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  11. Very interesting. My mother's paternal side of the family are Carolinians from Tamuning who were later "shipped" over to Saipan. The females of the family were known locally as "schabutul Tamuning" (Tamuning females).

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  12. Thank you Pale for this awesome article. 😊

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  13. Hi Pali Eric, thanks so much for this. My grandfather was Joaquin Santa Maria Santos although I don't know much about his Santa Maria side of the family. Do you have more information?

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    1. Joaquin is son of Juan Santos and Ana Magofña Santa Maria. Ana is daughter of Bernardo Santa Maria (mentioned above in the post) and another wife named Maria Magofña.

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    2. Hafa adai Pale Eric, I am interested to know more about the Faibar family. My great grandfather Vicente Quitano Taitano is the son of Maria Faibar. Would you happen to know if Anna Faibar is a sister to Maria Faibar?

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    3. Sorry to say Velma I have no info on the Faibars or other Carolinian families beyond the early early ones. As I did all this by hand (no scanning or photocopying) I started to limit myself to just the Chamorro families and would do the Carolinian families next, but then I got transferred out of Saipan before I could do that.

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  14. I'm wondering what DNA testing would show as far as how much Hispanic or any European ancestry we have in the Mariana Islands.

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    1. Yes indeed, DNA analysis can reveal a lot.

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  15. Interesting, the surname “Oppus” was once prevalent in Bohol and Leyte. The walls and floor of the church of Baclayon are lined with epitaphs with the surname "Oppus." A town in Southern Leyte is named “Tomás Oppus” after an American-era representative who filed a bill for the separation of Leyte into two provinces.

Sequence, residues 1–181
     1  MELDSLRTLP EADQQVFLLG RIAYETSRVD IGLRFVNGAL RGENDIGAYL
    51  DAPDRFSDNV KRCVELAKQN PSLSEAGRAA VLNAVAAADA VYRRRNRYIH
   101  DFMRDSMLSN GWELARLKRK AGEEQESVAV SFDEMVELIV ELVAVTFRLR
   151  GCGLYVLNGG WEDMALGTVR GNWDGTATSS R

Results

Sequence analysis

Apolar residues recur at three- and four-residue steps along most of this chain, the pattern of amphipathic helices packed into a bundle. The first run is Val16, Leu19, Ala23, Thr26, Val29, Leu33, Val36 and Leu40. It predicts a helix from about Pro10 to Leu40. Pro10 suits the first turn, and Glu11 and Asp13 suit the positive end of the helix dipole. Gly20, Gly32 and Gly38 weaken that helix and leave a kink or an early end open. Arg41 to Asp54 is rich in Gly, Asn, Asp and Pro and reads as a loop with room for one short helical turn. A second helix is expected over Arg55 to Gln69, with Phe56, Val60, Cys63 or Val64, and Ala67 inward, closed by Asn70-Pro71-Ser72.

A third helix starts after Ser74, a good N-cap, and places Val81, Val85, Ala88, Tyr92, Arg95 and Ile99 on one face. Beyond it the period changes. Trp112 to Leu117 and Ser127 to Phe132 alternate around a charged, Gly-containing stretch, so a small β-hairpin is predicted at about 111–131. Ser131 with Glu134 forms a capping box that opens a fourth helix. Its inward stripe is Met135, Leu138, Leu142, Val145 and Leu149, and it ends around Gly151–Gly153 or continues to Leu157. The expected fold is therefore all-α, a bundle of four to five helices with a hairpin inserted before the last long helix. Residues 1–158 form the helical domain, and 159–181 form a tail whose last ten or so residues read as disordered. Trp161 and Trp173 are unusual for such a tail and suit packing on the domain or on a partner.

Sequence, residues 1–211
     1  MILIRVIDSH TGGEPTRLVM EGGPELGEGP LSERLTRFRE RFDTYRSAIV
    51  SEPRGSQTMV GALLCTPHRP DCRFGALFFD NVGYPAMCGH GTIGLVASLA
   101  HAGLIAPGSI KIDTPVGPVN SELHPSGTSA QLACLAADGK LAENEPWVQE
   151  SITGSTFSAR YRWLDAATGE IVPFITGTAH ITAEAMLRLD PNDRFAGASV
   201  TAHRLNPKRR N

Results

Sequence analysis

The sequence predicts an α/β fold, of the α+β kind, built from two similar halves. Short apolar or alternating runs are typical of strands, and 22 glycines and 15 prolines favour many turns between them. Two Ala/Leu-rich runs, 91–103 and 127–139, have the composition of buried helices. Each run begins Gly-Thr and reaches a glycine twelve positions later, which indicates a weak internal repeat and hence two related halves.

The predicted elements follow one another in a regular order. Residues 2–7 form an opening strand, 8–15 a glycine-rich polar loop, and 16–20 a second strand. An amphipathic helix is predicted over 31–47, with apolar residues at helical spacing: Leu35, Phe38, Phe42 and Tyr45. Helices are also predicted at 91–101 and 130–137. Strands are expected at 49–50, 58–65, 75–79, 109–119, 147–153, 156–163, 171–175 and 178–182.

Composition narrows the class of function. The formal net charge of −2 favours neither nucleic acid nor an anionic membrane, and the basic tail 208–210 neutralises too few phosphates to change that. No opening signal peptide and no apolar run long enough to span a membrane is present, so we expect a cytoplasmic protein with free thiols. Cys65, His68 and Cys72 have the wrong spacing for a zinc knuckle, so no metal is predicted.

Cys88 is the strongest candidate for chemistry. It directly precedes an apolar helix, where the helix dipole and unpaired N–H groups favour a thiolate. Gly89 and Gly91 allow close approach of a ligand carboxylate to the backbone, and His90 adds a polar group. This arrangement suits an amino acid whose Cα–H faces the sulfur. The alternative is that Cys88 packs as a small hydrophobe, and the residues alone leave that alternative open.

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  16. Hafa Adai, Pale Eric! I was wondering if you have any information on Chamolinians that married other races around the early 1900s or so. I recently completed DNA analysis and it revealed Scandinavian/European heritage. I don't know much about my biological father's side but have heard that my Chamolinian great grandfather (I think his name was Joaquin Igitol) married an Irish woman (I think her name was Nellie McGinnis) and they lived in Saipan. I also heard that she was shot during WWII while hiding in a cave with other villagers. I THINK they lived near the village of DanDan. Do you have any recommendations of how I could possibly find more information and trace this bloodline? I've tried for years but have not been successful with online searches - and I'm nowhere near the island to physically check out any genealogy documents. Any feedback you have would be greatly appreciated. Thank you in advance!

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    1. Unfortunately I don't, but next time I go up to Saipan I can ask around the older people.

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  17. Wow! I learned so much from this one article. My mother is related to both Ayuyu-Esteves (her father's Luta side) and the Palacios-Fausto (her mother's side, sister of Nan Sisted Remedio Castro and cousin of auntie Chailang Palacios) who I'm sure you know very well, Fr. Eric.

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  18. Very interesting. Now if Ancestry.com can include us in their database. Lol